The story of filmmaker Hayao Miyazaki's life and work, including his significant impact on Japan and the world
A thirtieth‑century toxic jungle, a bathhouse for tired gods, a red‑haired fish girl, and a furry woodland spirit—what do these have in common? They all spring from the mind of Hayao Miyazaki, one of the greatest living animators, known worldwide for films such as My Neighbor Totoro, Princess Mononoke, Spirited Away, Howl’s Moving Castle, and The Wind Rises.
Japanese culture and animation scholar Susan Napier explores the life and art of this extraordinary Japanese filmmaker to provide a definitive account of his oeuvre. Napier insightfully illuminates the multiple themes crisscrossing his work, from empowered women to environmental nightmares to utopian dreams, creating an unforgettable portrait of a man whose art challenged Hollywood dominance and ushered in a new chapter of global popular culture.
About the Author
Susan Napier is the Goldthwaite Professor of Rhetoric and Japanese Studies at Tufts University. She is the author of Anime from Akira to “Howl’s Moving Castle”: Experiencing Contemporary Japanese Animation, among other books.
“Packed with interesting details about the filmmaker’s life, interests, and inspirations.”—Mark Jenkins, Washington Post
“The celebrated Japanese animation director Hayao Miyazaki came out of retirement last year, making this compact study of his life and work especially timely.”—John McMurtrie, San Francisco Chronicle (Holiday Gift Guide selection)
“Susan Napier eloquently defines Miyazaki as an auteur who creates immersive animated realms that vary from film to film but are joined by a consistent (albeit evolving) worldview and tropes . . . An essential work in anime scholarship.”—Angelica Frey, Hyperallergic
“A laudably well-informed look at the life and works of Japanese animation luminary Hayao Miyazaki . . . enlightening . . . the labor of both a consummate scholar and an avid fan.”—Publishers Weekly
“Engaging and insightful . . . enlightening . . . extremely accessible.”—Dylan Hysen, Overly Animated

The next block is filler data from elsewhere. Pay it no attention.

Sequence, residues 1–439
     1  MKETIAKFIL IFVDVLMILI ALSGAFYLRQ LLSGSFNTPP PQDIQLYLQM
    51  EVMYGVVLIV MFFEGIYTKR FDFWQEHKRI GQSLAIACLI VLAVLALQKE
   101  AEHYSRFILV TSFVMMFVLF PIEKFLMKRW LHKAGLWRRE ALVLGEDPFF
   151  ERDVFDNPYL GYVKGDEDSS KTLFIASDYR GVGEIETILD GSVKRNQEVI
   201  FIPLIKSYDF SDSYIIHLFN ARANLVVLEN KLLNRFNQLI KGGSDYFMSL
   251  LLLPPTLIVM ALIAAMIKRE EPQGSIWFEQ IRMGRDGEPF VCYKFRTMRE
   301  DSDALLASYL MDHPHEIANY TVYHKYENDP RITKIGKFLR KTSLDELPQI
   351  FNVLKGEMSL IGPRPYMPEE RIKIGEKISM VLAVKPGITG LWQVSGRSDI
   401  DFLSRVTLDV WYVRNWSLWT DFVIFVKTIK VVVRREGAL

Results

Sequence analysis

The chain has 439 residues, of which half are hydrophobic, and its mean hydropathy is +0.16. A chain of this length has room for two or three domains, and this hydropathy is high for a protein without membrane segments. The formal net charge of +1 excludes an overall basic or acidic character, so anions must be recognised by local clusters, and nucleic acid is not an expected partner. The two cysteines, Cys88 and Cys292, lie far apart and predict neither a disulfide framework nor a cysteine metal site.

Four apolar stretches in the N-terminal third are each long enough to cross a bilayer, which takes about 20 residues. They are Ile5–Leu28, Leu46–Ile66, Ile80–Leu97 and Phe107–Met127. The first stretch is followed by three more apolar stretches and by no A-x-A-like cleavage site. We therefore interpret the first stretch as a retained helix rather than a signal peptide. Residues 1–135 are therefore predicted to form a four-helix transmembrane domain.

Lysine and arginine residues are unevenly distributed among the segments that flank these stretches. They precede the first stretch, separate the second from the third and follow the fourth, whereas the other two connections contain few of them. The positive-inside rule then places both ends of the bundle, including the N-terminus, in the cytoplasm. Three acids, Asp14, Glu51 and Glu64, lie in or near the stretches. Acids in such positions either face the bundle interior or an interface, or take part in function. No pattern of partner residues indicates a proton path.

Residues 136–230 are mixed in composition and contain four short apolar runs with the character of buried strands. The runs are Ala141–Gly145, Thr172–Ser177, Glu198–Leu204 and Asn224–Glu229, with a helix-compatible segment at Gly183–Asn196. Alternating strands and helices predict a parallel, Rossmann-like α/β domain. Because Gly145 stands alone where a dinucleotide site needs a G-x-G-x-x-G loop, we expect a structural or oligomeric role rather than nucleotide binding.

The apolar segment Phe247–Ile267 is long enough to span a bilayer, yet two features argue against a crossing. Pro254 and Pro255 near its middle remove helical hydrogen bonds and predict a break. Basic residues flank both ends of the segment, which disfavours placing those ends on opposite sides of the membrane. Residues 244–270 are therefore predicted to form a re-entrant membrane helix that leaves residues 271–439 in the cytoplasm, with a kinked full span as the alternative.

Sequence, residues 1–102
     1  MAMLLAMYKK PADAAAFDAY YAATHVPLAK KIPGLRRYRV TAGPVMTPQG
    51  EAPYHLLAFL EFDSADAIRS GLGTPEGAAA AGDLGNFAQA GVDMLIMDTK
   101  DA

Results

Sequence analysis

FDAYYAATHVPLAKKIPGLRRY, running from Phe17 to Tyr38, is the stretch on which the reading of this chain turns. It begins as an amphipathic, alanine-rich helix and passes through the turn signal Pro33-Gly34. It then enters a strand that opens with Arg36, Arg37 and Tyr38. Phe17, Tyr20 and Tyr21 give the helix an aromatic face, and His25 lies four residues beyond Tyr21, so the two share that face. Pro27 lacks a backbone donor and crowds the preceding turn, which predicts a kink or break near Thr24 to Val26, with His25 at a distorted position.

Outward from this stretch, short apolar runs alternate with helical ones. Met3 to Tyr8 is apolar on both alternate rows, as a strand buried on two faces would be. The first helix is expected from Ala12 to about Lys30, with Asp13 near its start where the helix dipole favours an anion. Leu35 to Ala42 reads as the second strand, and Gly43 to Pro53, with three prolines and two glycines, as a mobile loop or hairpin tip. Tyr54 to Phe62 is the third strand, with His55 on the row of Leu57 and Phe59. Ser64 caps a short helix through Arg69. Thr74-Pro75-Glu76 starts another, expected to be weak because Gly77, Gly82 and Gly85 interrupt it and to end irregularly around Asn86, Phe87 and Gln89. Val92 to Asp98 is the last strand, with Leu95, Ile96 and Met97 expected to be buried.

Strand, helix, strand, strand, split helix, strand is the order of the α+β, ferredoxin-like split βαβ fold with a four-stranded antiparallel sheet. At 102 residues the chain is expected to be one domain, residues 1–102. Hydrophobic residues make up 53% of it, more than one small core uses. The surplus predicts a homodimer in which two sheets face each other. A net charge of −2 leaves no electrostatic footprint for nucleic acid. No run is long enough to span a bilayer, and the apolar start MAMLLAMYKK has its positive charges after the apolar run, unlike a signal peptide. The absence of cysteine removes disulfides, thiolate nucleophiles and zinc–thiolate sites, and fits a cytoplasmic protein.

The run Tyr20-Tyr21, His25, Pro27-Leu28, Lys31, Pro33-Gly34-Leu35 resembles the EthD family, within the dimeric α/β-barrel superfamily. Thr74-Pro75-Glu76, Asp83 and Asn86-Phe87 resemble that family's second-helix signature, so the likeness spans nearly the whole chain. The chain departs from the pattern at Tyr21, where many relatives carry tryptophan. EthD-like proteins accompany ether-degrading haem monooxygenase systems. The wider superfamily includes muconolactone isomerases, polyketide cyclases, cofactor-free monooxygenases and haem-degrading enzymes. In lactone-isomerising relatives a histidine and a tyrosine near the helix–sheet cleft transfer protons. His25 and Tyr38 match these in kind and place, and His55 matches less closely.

“A great biography of legendary anime director Hayao Miyazaki that not only discusses his life, but also delves into each of his films.”—The Verge (Holiday Gift Guide)
“An excellent overview of Miyazaki's work, its meaning and impact . . . [that] combines biography with cinematic analysis in a manner that is as accessible to the general reader as it is satisfying for the more engaged scholar.”—Hans Rollmann, Popmatters
“If you’ve seen any of [Miyazaki’s] movies and felt the strange attraction they exert, this is the book for you.”—Titus Techera, University Bookman
“A refreshing, intimate, highly original look at Miyazaki Hayao’s oeuvre, including early anime features, mainstream hits and the many-volumed manga, Nausicaa. Miyazaki is placed firmly on the world stage, including both local roots and global impact.”—Rachael Hutchinson, University of Delaware
"An insightful, fascinating, and revealing study of Miyazaki and his worlds by one of the world’s foremost experts in Japanese animated films, Miyazakiworld is a true achievement."—Karen Thornber, Harvard University
"Providing expert guidance to the radically inventive mysteries of Hayao Miyazaki’s films, Susan Napier shows exactly how Japan’s master of animation taps into the wonders of the natural world yet also faces down our demons, exploring trauma, crisis, and the willful destruction of our made world. Like his literary and cinematic forebears, Miyazaki creates a form of wonderlore that reveals the power of art to animate, not just his characters and landscapes, but also his audiences."—Maria Tatar, author of The Annotated Brothers Grimm
"In Miyazakiworld, Susan Napier demonstrates her gift for narrative and passion for enchantment in exploring the spacetime between the fantasy worlds of Hayao Miyazaki’s creation and the grittier worlds that created him."—Jennifer Robertson, author of Robo Sapiens Japanicus
“This wonderful, lively book introduces the whole life and career of Miyazaki via commentary on the narratives and themes within his films, and some manga, and his personal life.”—Sharon Kinsella, The University of Manchester